Defending Individual Privacy and Sexual Freedom

Jonathan Crutchley photo credit Peter Urban
Photo Credit: Peter Urban

Diversity Rules Magazine welcomes Jonathan Crutchley as its feature guest in the November issue. Crutchley is a founding partner and owner of the world’s largest gay brands that includes Manhunt and Jack’d. He has joined the advisory board of The National Coalition of Rent Boys & Allies, an organization advocating for the legal rights of male escort workers. Through his membership he is defending individual privacy and sexual freedom.  The group formed in response to the August 25th raid on Rentboy.com in New York City by the NYPD and Homeland Security.

JRK: Can you give us an idea of who Jonathan Crutchley is — where you are from and all that good introductory stuff.

JC: My family is from the New York City area, and I settled in Boston, MA in 1975 after college, where I had a successful career in finance and real estate. I invested in a telephone chat service for gay men in 1992, which turned into an internet web company, Online Buddies, Inc. by 2001. Our products include Manhunt and Jack’d, helping gay men to chat and meet through the internet and mobile phone. Our company serves the gay community and I am a proud supporter of gay civil rights.

JRK: Before we get into your joining the Advisory Board of The National Coalition of Rent Boys & Allies (NCORB), can you provide us with some background on the August 25th raid of Rentboy.com in New York City by the NYPD and the Office of Homeland Security?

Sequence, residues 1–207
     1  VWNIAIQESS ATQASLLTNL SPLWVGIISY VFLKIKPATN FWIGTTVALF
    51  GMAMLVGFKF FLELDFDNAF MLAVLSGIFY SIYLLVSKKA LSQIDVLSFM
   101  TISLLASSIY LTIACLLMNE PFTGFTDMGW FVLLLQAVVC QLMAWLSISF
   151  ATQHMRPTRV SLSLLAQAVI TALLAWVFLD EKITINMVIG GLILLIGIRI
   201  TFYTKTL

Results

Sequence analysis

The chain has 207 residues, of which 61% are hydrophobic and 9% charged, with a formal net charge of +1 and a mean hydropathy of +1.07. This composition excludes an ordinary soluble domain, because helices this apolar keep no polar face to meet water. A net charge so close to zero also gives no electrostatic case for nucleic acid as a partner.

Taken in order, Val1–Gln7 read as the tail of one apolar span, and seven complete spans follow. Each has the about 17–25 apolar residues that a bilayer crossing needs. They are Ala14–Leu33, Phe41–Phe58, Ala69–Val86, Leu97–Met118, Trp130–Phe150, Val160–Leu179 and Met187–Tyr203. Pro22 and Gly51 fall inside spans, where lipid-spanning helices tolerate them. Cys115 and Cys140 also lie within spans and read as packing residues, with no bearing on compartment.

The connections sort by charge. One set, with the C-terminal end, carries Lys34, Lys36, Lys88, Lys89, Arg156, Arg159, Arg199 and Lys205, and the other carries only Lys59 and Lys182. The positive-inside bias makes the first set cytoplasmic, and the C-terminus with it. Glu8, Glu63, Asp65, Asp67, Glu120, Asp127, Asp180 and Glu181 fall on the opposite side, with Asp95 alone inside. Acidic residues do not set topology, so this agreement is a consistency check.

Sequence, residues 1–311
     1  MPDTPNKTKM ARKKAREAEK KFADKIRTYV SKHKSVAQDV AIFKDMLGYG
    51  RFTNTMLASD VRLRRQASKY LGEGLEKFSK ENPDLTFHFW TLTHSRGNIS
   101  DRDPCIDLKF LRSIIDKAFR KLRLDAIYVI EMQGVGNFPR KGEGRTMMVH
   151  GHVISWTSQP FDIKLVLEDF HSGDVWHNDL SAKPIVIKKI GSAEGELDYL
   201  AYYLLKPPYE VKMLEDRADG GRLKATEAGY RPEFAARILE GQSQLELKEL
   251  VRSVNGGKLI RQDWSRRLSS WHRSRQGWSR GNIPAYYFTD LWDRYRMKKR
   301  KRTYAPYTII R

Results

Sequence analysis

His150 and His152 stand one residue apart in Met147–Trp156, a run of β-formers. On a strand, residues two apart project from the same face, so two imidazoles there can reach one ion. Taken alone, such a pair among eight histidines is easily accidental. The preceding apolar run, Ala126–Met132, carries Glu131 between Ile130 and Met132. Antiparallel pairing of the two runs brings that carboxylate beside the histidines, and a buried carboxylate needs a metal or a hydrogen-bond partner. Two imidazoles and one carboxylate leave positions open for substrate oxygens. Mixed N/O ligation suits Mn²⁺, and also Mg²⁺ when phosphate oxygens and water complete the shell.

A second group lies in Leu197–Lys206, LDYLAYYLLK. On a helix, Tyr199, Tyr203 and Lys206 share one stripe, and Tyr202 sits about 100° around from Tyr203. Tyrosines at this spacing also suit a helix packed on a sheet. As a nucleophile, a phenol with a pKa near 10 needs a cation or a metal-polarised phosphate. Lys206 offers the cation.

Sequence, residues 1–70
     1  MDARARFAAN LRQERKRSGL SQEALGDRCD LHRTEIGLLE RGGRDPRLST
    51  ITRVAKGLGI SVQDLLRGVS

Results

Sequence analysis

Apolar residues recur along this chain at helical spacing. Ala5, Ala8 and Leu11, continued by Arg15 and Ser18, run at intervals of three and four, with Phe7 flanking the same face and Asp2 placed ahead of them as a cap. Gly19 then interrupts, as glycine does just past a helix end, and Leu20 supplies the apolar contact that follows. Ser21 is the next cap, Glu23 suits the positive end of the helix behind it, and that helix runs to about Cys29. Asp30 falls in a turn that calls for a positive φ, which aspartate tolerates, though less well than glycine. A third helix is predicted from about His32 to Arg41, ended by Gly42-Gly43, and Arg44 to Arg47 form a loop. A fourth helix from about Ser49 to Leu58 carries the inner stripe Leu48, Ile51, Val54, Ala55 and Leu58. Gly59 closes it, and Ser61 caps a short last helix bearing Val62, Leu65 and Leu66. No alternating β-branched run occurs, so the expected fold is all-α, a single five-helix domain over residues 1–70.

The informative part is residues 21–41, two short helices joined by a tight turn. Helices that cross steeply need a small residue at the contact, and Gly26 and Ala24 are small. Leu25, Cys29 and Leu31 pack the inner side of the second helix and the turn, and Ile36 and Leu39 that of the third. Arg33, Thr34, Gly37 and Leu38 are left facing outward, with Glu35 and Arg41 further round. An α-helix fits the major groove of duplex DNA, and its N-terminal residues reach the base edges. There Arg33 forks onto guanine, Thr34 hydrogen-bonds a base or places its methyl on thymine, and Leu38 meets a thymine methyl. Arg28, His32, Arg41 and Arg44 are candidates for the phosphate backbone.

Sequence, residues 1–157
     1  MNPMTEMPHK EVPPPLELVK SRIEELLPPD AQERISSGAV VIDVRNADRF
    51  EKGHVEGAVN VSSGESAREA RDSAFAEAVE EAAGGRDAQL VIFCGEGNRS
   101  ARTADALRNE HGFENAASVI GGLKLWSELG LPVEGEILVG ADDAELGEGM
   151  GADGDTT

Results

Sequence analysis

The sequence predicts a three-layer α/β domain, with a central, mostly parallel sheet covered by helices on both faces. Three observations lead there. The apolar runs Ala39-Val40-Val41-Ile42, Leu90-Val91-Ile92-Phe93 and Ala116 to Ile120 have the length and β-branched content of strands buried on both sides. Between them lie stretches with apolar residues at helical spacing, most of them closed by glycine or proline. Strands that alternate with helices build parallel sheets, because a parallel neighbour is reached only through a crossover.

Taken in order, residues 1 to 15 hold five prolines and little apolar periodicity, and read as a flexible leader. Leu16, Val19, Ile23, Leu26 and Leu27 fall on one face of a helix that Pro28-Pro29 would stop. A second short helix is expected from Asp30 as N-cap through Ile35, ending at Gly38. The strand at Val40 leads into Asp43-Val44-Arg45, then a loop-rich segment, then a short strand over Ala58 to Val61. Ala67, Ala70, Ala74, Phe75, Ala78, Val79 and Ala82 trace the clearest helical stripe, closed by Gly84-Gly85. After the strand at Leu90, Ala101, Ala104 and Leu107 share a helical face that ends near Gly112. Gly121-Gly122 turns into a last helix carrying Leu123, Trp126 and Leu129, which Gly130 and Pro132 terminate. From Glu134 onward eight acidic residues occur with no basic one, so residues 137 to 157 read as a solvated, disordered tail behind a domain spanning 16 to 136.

JC: I have a suggestion. Why don’t you ask the Homeland Security people if they have run out of terrorists to catch or travelers to grope in airports? It’s beyond me why this Federal agency has any involvement with an escort advertising service in New York. Rentboy.com has been in business for 19 years, and the local law enforcement authorities haven’t had a problem with it. Why should the Federal Government?

JRK: You, along with many others, believe this raid violated the constitutional rights of US citizens. The NY Times Editorial Board even called the raid “peculiar.” Can you expand upon why you think it was violation of constitutional rights and what you feel the real motivation was for this raid?

JC: The real motivation for this raid is this: Government always wants to get bigger. Just as the prohibition of drugs has totally failed to solve the drug problem, it has created secure lifetime employment with benefits and pensions for those who work in the police, courts, and prisons, and millions of Americans are locked up because of addiction. Likewise, sex work is the oldest profession, and it will never go away, but the Government can create employment by prosecuting people in this business and locking them up. Nothing good will come to society from this, but it gives government employees work to do.

JRK: You have stated that you founded your company “in the name of individual privacy and sexual freedom” and that “in the name of individual liberty, the Federal government needs to do the job it was given to do by the Constitution.” What specifically do you feel the “job” is that was given to the government by the Constitution as it relates to this case?